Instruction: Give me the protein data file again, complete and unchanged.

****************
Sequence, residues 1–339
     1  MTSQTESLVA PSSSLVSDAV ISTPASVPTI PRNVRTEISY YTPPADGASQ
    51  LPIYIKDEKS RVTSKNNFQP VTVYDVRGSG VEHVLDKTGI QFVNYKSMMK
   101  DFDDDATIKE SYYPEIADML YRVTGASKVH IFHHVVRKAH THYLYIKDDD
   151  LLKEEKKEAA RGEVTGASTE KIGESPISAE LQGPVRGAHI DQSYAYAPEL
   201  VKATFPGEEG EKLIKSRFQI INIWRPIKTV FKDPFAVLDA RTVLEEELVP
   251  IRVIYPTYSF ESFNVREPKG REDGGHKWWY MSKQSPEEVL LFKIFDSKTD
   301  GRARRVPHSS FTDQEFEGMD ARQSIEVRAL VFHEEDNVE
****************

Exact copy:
Sequence, residues 1–339
     1  MTSQTESLVA PSSSLVSDAV ISTPASVPTI PRNVRTEISY YTPPADGASQ
    51  LPIYIKDEKS RVTSKNNFQP VTVYDVRGSG VEHVLDKTGI QFVNYKSMMK
   101  DFDDDATIKE SYYPEIADML YRVTGASKVH IFHHVVRKAH THYLYIKDDD
   151  LLKEEKKEAA RGEVTGASTE KIGESPISAE LQGPVRGAHI DQSYAYAPEL
   201  VKATFPGEEG EKLIKSRFQI INIWRPIKTV FKDPFAVLDA RTVLEEELVP
   251  IRVIYPTYSF ESFNVREPKG REDGGHKWWY MSKQSPEEVL LFKIFDSKTD
   301  GRARRVPHSS FTDQEFEGMD ARQSIEVRAL VFHEEDNVE